By Amy Lieberman
Thursday, October 13, 2011
A federal law passed in July was supposed to benefit American Indian and Alaskan Native women who are disproportionately vulnerable to abuse. But tight funding and immunity for non-Indian men are two major limitations.
(WOMENSENEWS)--The passage of a U.S. law last summer was intended, in part, to curb violence against American Indian and Alaskan Native women.
But underfunding and legal limitations have made it largely irrelevant, said Sarah Deer, a citizen of the Creek Nation, Okla., and a professor at William Mitchell College of Law in St. Paul, Minn.
"I don't think there's been change for Indian women in the past 500 years," Deer said in a recent phone interview. "I don't think we've begun to turn it around yet."
The Tribal Law and Order Act, passed in July, grants tribal courts--weak but autonomous--the right to sentence Indian criminal offenders to three years in prison, not just one. It also provides for stronger and larger ranks of tribal police and technical assistance for tribal courts' investigations and prosecutions.
Tribal courts still can't try or prosecute non-Indian men though. Indian women can take a non-Native man to court in the U.S., not just tribal courts. But between 2005 and 2010, federal officials declined to prosecute 50 percent of all alleged crimes in Indian country, including 75 percent of alleged sex crimes against women and children, according to the Washington, D.C.-based National Congress of American Indians.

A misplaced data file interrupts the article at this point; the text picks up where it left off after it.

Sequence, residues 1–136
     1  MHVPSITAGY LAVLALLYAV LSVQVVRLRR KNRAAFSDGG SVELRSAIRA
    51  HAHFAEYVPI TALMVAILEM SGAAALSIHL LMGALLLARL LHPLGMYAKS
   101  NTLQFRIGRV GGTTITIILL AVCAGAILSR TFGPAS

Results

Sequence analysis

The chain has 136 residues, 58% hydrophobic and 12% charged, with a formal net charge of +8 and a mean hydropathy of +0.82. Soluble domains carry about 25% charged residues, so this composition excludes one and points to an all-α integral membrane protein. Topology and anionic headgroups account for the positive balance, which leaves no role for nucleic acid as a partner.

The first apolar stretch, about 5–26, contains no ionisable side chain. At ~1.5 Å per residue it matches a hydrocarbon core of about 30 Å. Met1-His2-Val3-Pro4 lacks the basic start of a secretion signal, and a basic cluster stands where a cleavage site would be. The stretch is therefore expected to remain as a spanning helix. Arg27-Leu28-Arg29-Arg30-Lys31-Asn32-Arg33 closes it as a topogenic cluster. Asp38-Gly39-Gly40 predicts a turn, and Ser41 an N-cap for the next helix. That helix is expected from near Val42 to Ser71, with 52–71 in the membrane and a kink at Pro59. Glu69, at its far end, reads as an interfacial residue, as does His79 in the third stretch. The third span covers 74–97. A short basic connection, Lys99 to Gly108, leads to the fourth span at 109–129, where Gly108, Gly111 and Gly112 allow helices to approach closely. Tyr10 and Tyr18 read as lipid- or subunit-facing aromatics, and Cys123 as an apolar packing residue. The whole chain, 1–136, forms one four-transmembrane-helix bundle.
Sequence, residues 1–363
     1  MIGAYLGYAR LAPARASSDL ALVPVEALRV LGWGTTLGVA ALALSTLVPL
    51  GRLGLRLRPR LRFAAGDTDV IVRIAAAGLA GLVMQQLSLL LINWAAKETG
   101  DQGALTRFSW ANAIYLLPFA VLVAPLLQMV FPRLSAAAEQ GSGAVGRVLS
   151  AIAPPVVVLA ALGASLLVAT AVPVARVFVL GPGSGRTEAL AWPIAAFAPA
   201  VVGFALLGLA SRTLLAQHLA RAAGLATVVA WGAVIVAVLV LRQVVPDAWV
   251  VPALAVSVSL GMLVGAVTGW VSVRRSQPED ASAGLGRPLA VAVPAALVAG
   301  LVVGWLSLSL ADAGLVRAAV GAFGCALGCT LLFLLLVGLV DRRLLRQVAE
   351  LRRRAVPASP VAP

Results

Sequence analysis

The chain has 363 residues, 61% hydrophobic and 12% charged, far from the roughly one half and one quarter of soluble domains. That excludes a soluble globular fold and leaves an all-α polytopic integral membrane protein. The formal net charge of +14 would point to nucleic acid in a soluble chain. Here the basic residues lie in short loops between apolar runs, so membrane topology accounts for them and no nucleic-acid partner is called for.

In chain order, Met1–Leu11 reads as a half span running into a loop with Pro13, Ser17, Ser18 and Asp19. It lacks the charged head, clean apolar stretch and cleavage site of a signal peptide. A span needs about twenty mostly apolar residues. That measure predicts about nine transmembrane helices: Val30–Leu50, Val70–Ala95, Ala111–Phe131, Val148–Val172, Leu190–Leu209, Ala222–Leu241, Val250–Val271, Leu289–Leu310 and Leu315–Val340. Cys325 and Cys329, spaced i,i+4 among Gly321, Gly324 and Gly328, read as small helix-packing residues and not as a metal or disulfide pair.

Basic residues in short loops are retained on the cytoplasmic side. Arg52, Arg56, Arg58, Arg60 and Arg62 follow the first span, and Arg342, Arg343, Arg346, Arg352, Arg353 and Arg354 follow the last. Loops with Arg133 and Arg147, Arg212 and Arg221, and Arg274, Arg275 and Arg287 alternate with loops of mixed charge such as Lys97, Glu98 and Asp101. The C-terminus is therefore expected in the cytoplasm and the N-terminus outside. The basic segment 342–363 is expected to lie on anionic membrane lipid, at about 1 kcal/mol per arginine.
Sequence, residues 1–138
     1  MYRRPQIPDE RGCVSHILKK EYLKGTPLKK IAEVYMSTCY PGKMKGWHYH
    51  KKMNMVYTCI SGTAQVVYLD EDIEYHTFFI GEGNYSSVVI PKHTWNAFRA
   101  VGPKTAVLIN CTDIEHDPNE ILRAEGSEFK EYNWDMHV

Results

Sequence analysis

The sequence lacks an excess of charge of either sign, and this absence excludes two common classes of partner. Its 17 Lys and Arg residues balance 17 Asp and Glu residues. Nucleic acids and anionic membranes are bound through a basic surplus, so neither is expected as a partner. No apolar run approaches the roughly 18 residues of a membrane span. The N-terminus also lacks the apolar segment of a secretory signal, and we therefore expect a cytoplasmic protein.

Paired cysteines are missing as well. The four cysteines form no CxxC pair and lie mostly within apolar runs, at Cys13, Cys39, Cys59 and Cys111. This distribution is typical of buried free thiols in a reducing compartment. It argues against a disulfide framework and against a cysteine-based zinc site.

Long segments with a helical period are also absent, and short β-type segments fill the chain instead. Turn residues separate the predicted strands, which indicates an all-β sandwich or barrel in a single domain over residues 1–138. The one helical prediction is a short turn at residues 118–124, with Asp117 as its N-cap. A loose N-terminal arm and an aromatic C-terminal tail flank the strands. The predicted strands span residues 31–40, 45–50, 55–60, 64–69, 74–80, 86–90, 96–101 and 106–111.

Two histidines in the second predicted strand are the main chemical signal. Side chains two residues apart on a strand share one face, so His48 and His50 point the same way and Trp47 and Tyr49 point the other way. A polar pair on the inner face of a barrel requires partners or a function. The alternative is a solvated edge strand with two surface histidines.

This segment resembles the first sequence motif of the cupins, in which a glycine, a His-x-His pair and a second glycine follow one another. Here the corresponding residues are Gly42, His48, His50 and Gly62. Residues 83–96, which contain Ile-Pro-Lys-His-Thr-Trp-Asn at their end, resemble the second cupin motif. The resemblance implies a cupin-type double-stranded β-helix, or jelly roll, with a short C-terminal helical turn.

That leaves a major legal stumbling block, since non-Indian men perpetrate more than 80 percent of the acts of violence against Indian women, according to Amnesty International.
The London-based rights group estimates that 1-in-3 Indian women will suffer rape in their lifetimes. Less than 1-in-5 non-Native American women living in the United States will be raped at some point, according to Amnesty.
Brenda Hill is co-director of the South Dakota Coalition Against Domestic Violence and Sexual Assault, which provides technical assistance to 28 organizations in the state. She said that non-Indian men abuse women purposefully only in Indian country to evade a law that only allows tribal police and courts to arrest and prosecute Indian perpetrators.
General understanding of this legal reality similarly leads some Indian men to drag women onto federal land to abuse them there, Hill said.
By Maya Dollarhide
By Suzanne Batchelor
By Sonia Shah
By Roberta Sykes
By Elizabeth Kristen
By Maggie Freleng
By Inna Naroditskaya and Rachel Tollett
By Hajer Naili
WeNews staff reporter